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Old Sep 14, 2005, 9:32 AM   #11
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You blow dust off EVERY day? I must say I think that is excessive and probably pointless. In fact, you might actually make the dust situitation worse.

Personally, I do a blue sky test (at f32) when I start to see probable dust from normal shooting. I usually end up doing a clean about every 6 months.

To clean, I use a rocket blower to flush out the mirror chamber and CCD. Following that I use the sensor brush to clean the sensor. I redo the blue sky test and repeat the sensor brush until I get the CCD acceptably clean. I find getting the 4 corners and edges of the CCD clean to be especially problematic (I have a full frame 35mm CCD).

I only use a cleaning solution/PEC pad if absolutely necessary, and usually it is not.

I find the sensor brush (www.visibledust.com) to be extremely good.

Declan
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Old Sep 14, 2005, 9:45 AM   #12
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From a picture perspective, how would one know they had the sensor dust problem?

Would there be a "water droplet" type look to the image.

If I take a picture in the rain, it's pretty obvious when I look at my images that I had a few water spots on the lens.

What does dust look like in a photo?

-- Terry
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Old Sep 14, 2005, 10:13 AM   #13
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It is mostly noticable in areas of solid color, they show up as splotches,
I'll attach an sample image to this post when I get home.

Edit: Attached the image.
The red circled items are dust spots.
I don't know what the purple circle item is, I'll have to recheck when the sky clears up again to see if it is still there.

Peter.
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Old Sep 14, 2005, 11:48 AM   #14
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For a second there, i thought Terry was gonna say he an Olympus with super-sonic wave filter....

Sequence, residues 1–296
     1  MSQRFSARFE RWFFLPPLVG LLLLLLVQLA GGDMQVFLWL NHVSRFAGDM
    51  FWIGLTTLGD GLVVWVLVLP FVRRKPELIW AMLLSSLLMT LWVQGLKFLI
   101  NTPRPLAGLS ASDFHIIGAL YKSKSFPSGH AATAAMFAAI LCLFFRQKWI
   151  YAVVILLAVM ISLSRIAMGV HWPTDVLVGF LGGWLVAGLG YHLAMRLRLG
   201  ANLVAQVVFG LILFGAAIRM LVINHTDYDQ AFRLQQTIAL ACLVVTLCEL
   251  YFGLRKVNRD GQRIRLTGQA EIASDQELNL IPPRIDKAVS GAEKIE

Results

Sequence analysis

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Old Sep 14, 2005, 11:59 AM   #15
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I clean when needed. I use filtered air from my compressor. I've worked in camera repair for over 22 years...long before digital sensors...but ... clean water proof air (not from a can) works for me...10 to 15 psi....with a WATER FILTER....gets out every time!

It is not THE END OF THE WORLD if you get dirt on an image. Thanks to software such as CS...sold lots of Weddings....
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Old Sep 14, 2005, 12:35 PM   #16
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Maybe I should clear things up: I don't blow off the sensor every night, I blow the sensor off after a day of shooting...which, I guess, is almost every day. I take into account whether I have swapped lenses several times or not. I only do this because those dust spots drive me crazy. I know I can photoshop them out, but there's something that really bugs me about having to spend an hour taking grey spots out of my photos when I could just blow the sensor clear before or after shooting. I also blow the sensor clear so often in the hope (maybe in vain) that dust will not accumulate on the sensor. Either way, this routine seems to be working, but only time will tell.